Microsoft has confirmed it will buy internet phone service Skype for $8.5bn (£5bn) in the software giant's biggest ever takeover deal.
Luxembourg-based Skype, which allows its 663m users to make voice or video calls over the internet, will become a new business division within Microsoft after its private owners agreed to sell the business.
The hefty price tag is likely to raise eyebrows as Skype's former owner, online auctioneer eBay, sold 70% of the reportedly loss-making business for $2bn (£1.2bn) just two years ago.
The value of the deal overtakes Microsoft's successful bid for the online advertising agency aQuantive - now Microsoft advertising - in 2007 for $6bn (£3.6 bn).
Skype is popular with users because of its free calling services, which can be made to other Skype users, and the service has around 8.8m paying customers per month.
The amount of call time on Skype's network totalled 207bn minutes last year.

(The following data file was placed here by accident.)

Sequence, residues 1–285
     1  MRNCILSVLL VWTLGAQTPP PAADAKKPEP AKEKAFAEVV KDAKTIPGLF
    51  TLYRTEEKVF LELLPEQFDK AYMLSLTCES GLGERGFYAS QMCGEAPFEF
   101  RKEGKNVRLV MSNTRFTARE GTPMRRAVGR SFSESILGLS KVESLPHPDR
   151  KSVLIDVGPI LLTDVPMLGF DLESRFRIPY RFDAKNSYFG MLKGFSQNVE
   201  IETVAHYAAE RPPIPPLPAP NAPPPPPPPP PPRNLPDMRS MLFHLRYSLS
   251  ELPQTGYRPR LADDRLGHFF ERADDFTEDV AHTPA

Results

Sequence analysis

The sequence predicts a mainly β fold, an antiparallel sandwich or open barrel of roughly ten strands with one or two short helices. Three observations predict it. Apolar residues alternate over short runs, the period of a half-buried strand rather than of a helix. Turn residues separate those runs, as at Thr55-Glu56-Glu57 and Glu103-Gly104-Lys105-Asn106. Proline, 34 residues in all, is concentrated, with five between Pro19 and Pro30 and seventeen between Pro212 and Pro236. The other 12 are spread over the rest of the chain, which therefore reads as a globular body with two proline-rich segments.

The popularity of the free calls has made it difficult for the company to make much of a profit since it was founded by entrepreneurs Niklas Sennstrom and Janus Friis.
City analysts earlier questioned the size of the bid price as the company made a $7m (£4.2m) loss last year on revenues of $860m (£525m).
A Skype sale has been speculated upon for weeks, with Google and Facebook also rumoured to be interested.
Skype was bought by eBay for $2.6bn (£1.5bn) in 2005 but it sold a 70% stake to private equity firms Silver Lake and Andreessen Horowitz for $2bn (£1.2bn).
Other major shareholders include tech-firm Joltid and the Canada Pension Plan Investment Board.